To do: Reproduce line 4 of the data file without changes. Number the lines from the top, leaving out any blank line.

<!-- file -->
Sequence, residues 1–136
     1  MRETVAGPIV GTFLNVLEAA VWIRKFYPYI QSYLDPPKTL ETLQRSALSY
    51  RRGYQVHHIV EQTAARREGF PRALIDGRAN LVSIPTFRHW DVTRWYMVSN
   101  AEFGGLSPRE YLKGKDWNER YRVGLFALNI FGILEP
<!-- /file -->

   101  AEFGGLSPRE YLKGKDWNER YRVGLFALNI FGILEP